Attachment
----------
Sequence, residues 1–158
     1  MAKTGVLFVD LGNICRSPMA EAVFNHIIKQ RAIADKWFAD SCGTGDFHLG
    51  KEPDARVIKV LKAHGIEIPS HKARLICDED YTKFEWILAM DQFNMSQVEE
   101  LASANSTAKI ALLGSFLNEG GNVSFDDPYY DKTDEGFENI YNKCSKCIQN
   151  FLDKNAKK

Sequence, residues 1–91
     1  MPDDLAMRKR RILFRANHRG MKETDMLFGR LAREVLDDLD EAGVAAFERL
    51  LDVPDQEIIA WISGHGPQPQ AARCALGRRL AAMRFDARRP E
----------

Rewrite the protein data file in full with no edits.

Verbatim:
Sequence, residues 1–158
     1  MAKTGVLFVD LGNICRSPMA EAVFNHIIKQ RAIADKWFAD SCGTGDFHLG
    51  KEPDARVIKV LKAHGIEIPS HKARLICDED YTKFEWILAM DQFNMSQVEE
   101  LASANSTAKI ALLGSFLNEG GNVSFDDPYY DKTDEGFENI YNKCSKCIQN
   151  FLDKNAKK

Sequence, residues 1–91
     1  MPDDLAMRKR RILFRANHRG MKETDMLFGR LAREVLDDLD EAGVAAFERL
    51  LDVPDQEIIA WISGHGPQPQ AARCALGRRL AAMRFDARRP E